Bowie: Berliners say goodbye to adopted son
"His music is part of the city," said one woman. "He is Berlin."
The Wall was up. The Cold War was on. It was 1976. And Bowie moved to the walled-in city of West Berlin to share an apartment with Iggy Pop at number 155 Hauptstrasse — in what is generally regarded as the coolest flat-share in musical history.
Berliners today regard Bowie as an adopted son. "He's one of us," said Berlin Mayor Michael Mueller on hearing the news of the singer's death.
That's because the three years that David Bowie spent here were crucial to his musical development.
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That was a pivotal moment when he got away from the drugs and distractions of celebrity, shook off the glam make-up and Ziggy Stardust wigs, and dived into the dirty, gloomy ruins of Berlin - crumbling buildings still pockmarked with shrapnel from World War Two.
Berlin is a traditionally bolshie city, with no regard for celebrity. So people didn't care who Bowie was - and if they did, certainly wouldn't show it. This gave Bowie the freedom to go shopping, go clubbing and most importantly to work and reach a whole new level of creativity.
He would make the three records that many regard as his best - the Berlin Trilogy of Low, Heroes and Lodger - recorded at the now legendary Hansa Studios in Kreuzberg, right beside the Berlin Wall.
For music fans this is a place of pilgrimage. And it was here that he recorded the song Heroes, the story of two lovers at the Wall which tore the city in two, and which has since become Berlin's unofficial anthem - symbolising the city's yearning for unity and freedom.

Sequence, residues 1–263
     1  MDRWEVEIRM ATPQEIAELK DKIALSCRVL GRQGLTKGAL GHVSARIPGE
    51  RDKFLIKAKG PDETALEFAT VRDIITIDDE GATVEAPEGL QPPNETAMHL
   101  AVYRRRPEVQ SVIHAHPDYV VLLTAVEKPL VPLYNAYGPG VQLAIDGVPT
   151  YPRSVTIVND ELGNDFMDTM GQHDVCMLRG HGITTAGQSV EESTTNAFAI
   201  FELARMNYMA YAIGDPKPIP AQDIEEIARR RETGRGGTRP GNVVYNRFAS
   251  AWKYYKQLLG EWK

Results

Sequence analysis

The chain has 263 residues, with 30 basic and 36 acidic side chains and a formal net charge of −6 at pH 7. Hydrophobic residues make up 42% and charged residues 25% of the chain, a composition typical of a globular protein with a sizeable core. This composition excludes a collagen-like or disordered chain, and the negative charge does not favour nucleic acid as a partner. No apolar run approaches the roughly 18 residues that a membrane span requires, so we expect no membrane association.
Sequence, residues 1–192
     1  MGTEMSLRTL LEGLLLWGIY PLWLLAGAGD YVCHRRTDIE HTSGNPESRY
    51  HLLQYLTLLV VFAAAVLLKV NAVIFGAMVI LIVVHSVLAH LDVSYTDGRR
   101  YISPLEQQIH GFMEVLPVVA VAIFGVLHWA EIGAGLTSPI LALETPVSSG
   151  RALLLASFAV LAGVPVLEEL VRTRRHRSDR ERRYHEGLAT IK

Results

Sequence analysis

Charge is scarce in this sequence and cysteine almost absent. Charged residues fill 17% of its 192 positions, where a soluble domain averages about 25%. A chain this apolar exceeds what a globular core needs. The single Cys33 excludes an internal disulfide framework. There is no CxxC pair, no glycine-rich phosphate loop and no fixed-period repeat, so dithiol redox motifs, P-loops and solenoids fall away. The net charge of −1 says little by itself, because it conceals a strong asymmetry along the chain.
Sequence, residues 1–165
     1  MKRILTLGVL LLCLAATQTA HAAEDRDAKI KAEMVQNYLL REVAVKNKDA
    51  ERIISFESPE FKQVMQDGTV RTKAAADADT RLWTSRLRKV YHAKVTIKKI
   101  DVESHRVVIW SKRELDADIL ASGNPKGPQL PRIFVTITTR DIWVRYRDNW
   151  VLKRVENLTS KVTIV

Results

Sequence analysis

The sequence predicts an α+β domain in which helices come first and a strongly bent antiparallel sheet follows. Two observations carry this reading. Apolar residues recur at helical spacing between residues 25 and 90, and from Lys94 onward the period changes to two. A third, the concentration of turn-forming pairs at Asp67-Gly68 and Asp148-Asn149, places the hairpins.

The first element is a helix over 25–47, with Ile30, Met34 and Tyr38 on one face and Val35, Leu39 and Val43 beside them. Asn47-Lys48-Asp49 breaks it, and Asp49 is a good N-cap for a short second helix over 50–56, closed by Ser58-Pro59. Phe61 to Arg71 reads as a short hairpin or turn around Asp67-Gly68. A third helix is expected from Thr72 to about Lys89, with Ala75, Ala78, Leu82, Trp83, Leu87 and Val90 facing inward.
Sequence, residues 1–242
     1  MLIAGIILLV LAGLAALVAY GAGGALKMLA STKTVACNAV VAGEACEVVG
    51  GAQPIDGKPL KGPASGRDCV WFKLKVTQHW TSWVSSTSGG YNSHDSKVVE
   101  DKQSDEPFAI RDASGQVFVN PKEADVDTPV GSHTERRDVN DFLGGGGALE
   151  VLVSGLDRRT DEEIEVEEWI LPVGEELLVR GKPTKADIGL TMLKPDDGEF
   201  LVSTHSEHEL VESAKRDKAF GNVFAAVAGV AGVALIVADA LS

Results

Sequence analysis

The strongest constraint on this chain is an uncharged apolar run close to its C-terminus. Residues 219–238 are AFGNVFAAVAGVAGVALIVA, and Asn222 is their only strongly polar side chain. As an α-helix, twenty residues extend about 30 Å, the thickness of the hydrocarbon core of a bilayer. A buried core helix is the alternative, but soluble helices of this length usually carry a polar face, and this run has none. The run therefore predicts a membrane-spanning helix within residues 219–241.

Bowie's Heroes (excerpt)
I can remember standing by the wall
And the guns shot above our heads and we kissed as though nothing could fall.
And the shame was on the other side
Oh we can beat them, for ever and ever
Then we could be Heroes, just for one day
In 1987 Bowie came back to divided Berlin where he gave a concert to 70,000 people on the Western side of the Wall.
He read out a message in German, saying: "We send our best wishes to all our friends who are on the other side of the Wall."
Then he sang Heroes. Hundreds of young East Germans straining to listen, started shouting "the Wall must go", and rushed towards the forbidden no-man's-land. This sparked a riot which was crushed by East German police.
Two years later the Wall came down.
It was at the nearby Hansa studios that I met up with British music expert and producer Mark Reeder, who moved to Berlin in 1978 while Bowie was still living here.
"Bowie put Berlin on the musical map," he said.
"Until that point Berlin was just this political backwater. People didn't know anything about Berlin back in the 1970s. And then David Bowie came here. He inspired me to come to Berlin and have a look at what was going on."
And he's still inspiring young creatives today. Berlin bars are packed with moody-looking musicians from all over the world doing their "Bowie-Berlin-years."
David Bowie helped create the Berlin myth. And Berlin helped create David Bowie. "That's why this city in tears," according to Mark Reeder.
As they laid down flowers and lit candles on the doorstep of the building where David Bowie once lived, Berliners said they were in shock.